...and ready to go.
In the train a man is writing in an A4 note book. He is sitting uncomfortably, slightly aslant the table, his head a little on one side. He writes quickly, his flow interrupted only by stopping to insert some words in caps, or to circle a sentence. His handwriting, is small, even and slightly sloping. As the train draws in to Tonbridge, he closes his pen, smacks the top of it with a satisfied click, and puts his work into his brief case.
There is an on-line literary magazine, http://www.qarrtsiluni.com/ which I have been visiting for some time. I was introduced to it by Lucy Kempton of http://www.boxelder.blogspot.com/ , who illustrated one of my poems, on it last year. That was before she took on my entire Handbook for Explorers sequence. She has since edited the latest theme - this time, water - on which qarrtsiluni invited contributions. It has high standards and it was a pleasure to find yesterday that it has published my poem Dry with which I had responded. One of the things I love about the magazine is its name. At first I have to admit, I had difficulties with it, until, that is, I got to know it better. It is an Inupiaq word (the language is spoken by Eskimos in northern Alaska and Canada) and means "Sitting together in the darkness and waiting for something to happen". Needless to say, there are now no more difficulties with the name for me, other than the recurring urge to roll it round my tongue and enjoy the mysterious image which it represents.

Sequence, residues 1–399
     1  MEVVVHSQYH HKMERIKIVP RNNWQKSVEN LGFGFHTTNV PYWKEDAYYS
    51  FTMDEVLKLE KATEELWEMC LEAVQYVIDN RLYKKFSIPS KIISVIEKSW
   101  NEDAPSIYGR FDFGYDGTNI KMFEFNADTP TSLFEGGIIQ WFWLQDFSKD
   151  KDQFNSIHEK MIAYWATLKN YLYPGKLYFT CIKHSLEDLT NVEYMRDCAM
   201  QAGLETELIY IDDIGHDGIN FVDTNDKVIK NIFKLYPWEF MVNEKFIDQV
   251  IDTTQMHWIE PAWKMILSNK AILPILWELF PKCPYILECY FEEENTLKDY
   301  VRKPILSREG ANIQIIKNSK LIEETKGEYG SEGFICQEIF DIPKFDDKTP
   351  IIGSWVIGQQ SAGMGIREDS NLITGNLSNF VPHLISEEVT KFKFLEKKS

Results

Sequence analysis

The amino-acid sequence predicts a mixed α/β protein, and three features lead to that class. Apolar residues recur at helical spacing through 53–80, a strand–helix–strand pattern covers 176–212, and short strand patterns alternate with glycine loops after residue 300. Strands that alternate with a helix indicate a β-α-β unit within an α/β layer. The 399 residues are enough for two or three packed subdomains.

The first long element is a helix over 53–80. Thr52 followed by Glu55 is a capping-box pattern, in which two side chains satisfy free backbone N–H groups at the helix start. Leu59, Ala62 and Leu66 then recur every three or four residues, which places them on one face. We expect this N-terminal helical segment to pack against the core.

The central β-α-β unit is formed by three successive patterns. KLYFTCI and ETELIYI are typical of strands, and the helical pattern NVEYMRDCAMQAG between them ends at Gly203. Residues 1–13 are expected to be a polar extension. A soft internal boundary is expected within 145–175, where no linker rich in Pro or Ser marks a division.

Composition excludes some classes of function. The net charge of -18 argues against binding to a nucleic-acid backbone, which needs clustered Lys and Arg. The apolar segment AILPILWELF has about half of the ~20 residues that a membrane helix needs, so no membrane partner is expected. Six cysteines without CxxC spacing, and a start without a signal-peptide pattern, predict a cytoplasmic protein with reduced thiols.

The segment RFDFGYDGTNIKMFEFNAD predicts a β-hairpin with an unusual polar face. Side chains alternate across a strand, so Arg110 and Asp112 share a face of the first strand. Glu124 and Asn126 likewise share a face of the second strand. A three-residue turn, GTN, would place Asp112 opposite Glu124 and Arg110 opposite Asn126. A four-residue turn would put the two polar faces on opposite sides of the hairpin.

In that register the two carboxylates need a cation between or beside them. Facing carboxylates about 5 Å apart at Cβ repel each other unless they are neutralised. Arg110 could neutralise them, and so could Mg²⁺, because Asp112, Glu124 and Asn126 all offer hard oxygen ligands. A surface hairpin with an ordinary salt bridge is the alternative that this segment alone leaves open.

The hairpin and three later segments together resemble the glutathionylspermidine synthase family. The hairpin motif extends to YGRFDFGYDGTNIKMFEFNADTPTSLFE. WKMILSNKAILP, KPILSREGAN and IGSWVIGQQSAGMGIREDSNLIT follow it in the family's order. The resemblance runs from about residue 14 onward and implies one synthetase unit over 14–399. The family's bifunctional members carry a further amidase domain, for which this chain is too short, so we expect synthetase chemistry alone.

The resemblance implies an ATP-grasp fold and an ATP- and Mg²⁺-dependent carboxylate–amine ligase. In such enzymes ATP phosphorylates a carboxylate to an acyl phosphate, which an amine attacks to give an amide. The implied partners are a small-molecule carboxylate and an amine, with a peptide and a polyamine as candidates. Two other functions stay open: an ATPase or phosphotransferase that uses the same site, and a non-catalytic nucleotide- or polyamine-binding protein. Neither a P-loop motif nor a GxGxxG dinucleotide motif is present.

Thanks for the plug for qarrtsiluni, Joe, but don't you think people will want the direct link to your poem?
Thanks Joe, I'm a bit late on this.
But how does one actually say the word; is it like 'quart' or like 'cart', where do the stresses go? I still don't really know! (I suspect that is somewhat the point, as one only ever sees it written on line and never has to ask for it over the newsagent's counter...)
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